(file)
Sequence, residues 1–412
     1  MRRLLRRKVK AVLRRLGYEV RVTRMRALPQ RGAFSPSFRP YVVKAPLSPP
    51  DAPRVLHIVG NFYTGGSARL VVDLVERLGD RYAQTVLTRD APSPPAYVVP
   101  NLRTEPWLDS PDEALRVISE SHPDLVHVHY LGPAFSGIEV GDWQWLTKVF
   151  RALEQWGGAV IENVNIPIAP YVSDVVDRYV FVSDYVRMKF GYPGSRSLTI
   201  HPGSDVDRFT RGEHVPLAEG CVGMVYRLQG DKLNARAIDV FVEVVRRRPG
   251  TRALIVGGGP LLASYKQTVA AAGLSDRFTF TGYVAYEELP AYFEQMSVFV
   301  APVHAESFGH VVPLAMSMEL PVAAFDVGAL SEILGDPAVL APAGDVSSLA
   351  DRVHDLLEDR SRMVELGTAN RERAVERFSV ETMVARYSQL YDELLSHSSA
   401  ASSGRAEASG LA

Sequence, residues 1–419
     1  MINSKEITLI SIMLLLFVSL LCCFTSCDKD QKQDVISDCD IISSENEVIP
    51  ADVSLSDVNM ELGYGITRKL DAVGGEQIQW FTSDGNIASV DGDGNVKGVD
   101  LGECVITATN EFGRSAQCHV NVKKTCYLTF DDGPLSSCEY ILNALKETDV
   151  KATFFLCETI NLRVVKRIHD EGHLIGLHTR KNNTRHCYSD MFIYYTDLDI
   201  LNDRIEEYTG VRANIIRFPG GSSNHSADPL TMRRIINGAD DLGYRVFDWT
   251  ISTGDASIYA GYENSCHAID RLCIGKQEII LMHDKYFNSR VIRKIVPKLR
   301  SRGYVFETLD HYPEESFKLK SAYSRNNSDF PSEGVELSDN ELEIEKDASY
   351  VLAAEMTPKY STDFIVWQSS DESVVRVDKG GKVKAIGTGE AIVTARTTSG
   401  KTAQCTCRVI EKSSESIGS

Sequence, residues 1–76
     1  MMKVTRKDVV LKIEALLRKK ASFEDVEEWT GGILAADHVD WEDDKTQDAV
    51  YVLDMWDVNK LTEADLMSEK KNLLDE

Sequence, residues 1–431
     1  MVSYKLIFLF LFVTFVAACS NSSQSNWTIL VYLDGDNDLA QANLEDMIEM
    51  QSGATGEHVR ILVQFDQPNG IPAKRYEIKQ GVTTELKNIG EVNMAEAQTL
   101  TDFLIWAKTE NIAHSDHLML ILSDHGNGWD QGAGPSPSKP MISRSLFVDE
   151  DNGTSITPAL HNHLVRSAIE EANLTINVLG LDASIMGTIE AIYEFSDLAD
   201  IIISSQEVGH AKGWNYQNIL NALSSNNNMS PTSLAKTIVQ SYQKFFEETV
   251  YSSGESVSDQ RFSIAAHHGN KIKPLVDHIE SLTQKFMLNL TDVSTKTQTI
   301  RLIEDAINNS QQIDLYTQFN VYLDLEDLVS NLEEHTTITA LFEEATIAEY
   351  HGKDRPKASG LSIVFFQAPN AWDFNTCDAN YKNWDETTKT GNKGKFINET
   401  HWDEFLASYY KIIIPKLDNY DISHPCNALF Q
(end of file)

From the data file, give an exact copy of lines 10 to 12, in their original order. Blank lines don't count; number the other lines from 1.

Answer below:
   401  ASSGRAEASG LA

Sequence, residues 1–419
     1  MINSKEITLI SIMLLLFVSL LCCFTSCDKD QKQDVISDCD IISSENEVIP